For the cookies:
16 ounces, about 4 cups, all-purpose flour
1 cup, granulated sugar, plus more as needed
2 large eggs
6 tablespoons butter, room temperature
1/3 cup whole milk, plus more as needed
1/2 grated vanilla bean or 2 teaspoons vanilla extract
2 teaspoons baking powder
For the filling and assembly:
1 1/2 cups pastry cream or lemon curd or vanilla pudding
36 to 40 whole unblanched almonds
1/4 cup Alchermes
Mint leaves, optional
Preheat the oven to 350 degrees F. Line two large baking sheets with parchment paper.
Sift the flour and sugar together onto a clean work surface. Make a well in the center of the flour mixture. Add the eggs, butter, milk, vanilla, and baking powder to the well and slowly mix in the flour until dough forms. If the dough is too dry add a little more milk, if it is too wet add a little more flour. Knead until well combined. Pinch off a small portion of the dough and roll it into a small ball, about 1 inch in diameter. Press the ball onto the prepared baking sheet, so it is flattened to a half dome. Be sure not to make the balls too big, as they It will puff up while baking. Each ball will become half of the peach. Continue until all the dough is used up. You should have about 80 balls. Bake, about 25 minutes, until light golden.
Remove the baking pan from the oven, and while still warm, scrape out a wide hallow in each ball from the side that was touching the pan. You can use a grapefruit or espresso spoon or tip of a knife.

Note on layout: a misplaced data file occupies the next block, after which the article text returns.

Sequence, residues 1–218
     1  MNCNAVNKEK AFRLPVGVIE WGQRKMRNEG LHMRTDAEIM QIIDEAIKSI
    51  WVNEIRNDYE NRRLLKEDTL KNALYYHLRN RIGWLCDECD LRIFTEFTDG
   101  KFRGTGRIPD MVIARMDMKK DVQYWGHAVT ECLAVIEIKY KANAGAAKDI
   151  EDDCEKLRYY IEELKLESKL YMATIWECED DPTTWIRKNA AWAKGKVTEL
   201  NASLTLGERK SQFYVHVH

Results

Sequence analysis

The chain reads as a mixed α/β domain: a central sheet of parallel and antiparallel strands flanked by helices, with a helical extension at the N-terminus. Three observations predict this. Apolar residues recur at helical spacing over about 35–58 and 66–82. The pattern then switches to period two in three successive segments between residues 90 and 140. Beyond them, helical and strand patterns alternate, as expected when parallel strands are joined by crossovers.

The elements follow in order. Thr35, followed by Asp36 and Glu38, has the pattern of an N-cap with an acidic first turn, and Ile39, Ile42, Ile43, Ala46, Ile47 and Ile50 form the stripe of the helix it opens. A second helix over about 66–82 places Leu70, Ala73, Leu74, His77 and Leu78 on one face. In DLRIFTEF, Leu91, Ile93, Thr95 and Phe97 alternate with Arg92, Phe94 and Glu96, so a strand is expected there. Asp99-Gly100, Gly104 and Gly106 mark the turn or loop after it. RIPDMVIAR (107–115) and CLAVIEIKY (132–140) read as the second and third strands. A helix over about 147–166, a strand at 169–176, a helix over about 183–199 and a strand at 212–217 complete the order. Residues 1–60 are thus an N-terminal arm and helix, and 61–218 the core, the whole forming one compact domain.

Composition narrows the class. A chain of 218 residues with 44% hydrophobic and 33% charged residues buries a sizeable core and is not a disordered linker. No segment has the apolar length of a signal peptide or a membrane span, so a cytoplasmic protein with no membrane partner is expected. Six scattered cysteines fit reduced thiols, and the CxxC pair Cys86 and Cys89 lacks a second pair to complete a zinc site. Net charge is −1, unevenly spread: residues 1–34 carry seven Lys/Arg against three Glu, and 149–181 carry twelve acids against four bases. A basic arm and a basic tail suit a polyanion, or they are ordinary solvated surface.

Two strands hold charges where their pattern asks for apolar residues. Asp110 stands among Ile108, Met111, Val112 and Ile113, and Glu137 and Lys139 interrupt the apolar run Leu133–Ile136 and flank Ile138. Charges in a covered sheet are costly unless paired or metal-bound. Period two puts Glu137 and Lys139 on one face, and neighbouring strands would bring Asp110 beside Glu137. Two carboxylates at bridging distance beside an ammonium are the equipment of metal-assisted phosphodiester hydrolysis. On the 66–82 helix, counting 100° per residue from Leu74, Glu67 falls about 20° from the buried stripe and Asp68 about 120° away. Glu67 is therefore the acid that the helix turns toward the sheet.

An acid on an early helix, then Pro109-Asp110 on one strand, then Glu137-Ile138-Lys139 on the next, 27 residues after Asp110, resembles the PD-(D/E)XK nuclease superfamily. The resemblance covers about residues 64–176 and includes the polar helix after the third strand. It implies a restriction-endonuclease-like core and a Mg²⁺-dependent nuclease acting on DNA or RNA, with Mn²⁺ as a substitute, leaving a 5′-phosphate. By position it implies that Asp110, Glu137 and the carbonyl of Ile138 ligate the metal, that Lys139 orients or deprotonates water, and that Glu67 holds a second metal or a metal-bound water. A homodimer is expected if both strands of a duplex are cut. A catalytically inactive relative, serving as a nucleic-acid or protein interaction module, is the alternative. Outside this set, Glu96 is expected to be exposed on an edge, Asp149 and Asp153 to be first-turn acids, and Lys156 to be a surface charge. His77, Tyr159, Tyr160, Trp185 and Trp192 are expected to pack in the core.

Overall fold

(If you like, save the crumbs from the center of the cookies to use as ice cream topping or to make chocolate truffles).
To assemble: Pour the alchermes, diluted with 1/4 cup water, into a small bowl. If you are using a different liqueur, add red food coloring or the juice from marachino cherries so the “peaches” have the right peachy blush.
Pour some granulated sugar into a small plate.
Divide up the hallowed out cookies into pairs of roughly the same size. Take a pair and pread each cookie with lots of crema pasticcierra being sure to fill the center hallow generously. Put an almond into the center of one of the cookies and gently press them together. Ideally, you’ll have put enough pastry cream into the center so that there’s at least 1/2 inch of pastry cream between the two. Add a generous amount of filling!Some of the cream will ooze out. That’s normal. It’ll all absorb into the cookie and solidify by the time you are ready to serve them.
Next, along the line where the halves joined, slowly roll the peach in the liqueur. Be sure they are well moistened. Then roll them in the sugar.
Repeat until you’ve joined all the cookies.
Put the “peaches” onto a platter, cover with plastic wrap, and refrigerate for at least 12 hours, and up to 36, before serving.
They are best served at room temperature, so be sure to remove them from the refrigerator at least an hour before serving them. If you like, insert little mint leaves in some of the peaches and, for fun, arrange them on a platter with a few real peaches mixed in.